In order to create positive change and address the challenges faced by Kansans, it is crucial to prioritize the Sustainable Development Goals (SDGs). By considering the experiences of those most affected, policymakers can work towards more equitable and sustainable solutions. It is through collective efforts and a commitment to understanding that we can create a better future for all.

Tara D. Wallace is a licensed clinician and trauma therapist in Topeka. Through its opinion section, Kansas Reflector works to amplify the voices of people who are affected by public policies or excluded from public debate. Find information, including how to submit your own commentary, here.

SDGs, Targets, and Indicators

1. Which SDGs are addressed or connected to the issues highlighted in the article?

  • SDG 1: No Poverty
  • SDG 5: Gender Equality
  • SDG 10: Reduced Inequalities
  • SDG 16: Peace, Justice, and Strong Institutions

2. What specific targets under those SDGs can be identified based on the article’s content?

  • SDG 1.3: Implement nationally appropriate social protection systems and measures for all, including floors, and by 2030 achieve substantial coverage of the poor and the vulnerable.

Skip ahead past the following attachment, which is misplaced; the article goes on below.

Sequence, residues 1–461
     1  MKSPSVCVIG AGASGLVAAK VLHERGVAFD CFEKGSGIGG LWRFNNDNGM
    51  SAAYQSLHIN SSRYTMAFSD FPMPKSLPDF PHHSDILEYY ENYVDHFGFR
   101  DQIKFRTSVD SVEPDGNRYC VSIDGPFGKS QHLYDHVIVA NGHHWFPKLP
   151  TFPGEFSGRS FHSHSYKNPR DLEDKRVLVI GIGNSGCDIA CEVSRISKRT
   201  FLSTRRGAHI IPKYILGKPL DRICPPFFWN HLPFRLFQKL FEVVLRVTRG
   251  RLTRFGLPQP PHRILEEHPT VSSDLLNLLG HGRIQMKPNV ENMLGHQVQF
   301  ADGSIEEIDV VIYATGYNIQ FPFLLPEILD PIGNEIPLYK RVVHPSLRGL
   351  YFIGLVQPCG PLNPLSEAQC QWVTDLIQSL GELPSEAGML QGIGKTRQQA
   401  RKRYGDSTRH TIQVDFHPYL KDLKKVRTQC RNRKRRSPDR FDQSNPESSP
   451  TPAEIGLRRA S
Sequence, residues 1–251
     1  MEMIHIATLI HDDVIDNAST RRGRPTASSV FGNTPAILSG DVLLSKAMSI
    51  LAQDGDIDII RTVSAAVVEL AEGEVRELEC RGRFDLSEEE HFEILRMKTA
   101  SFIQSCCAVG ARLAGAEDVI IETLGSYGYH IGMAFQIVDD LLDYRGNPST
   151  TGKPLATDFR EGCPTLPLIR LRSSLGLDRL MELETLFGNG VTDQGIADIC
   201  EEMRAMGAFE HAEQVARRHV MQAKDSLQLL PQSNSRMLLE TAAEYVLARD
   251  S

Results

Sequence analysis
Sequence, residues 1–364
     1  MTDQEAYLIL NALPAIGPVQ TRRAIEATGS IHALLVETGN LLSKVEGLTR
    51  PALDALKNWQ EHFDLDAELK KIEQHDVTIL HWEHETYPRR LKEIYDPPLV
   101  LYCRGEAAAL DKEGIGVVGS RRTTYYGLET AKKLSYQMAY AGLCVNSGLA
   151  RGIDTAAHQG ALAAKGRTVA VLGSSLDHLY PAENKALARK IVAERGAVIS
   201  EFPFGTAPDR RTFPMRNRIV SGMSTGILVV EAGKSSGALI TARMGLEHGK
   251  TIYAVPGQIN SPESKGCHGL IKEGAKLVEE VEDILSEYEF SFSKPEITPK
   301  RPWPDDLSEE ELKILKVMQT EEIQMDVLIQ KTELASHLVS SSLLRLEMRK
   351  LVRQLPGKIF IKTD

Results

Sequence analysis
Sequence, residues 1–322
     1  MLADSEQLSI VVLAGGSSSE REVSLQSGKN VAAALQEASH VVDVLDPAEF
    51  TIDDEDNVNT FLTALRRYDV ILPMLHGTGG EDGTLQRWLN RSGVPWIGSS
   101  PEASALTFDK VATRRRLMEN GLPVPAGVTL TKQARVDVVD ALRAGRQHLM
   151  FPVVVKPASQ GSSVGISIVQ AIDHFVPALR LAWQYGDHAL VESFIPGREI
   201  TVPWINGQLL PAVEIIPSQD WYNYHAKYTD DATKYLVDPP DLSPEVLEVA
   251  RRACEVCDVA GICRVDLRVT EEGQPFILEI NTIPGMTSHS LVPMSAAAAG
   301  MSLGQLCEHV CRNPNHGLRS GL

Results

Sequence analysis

• SDG 5.1: End all forms of discrimination against all women and girls everywhere.
  • SDG 10.2: By 2030, empower and promote the social, economic and political inclusion of all, irrespective of age, sex, disability, race, ethnicity, origin, religion or economic or other status.
  • SDG 16.3: Promote the rule of law at the national and international levels and ensure equal access to justice for all.

3. Are there any indicators mentioned or implied in the article that can be used to measure progress towards the identified targets?

  • Indicator for SDG 1.3: Proportion of population covered by social protection floors/systems, by sex, distinguishing children, unemployed persons, older persons, persons with disabilities, pregnant women, newborns, work-injury victims and the poor and vulnerable.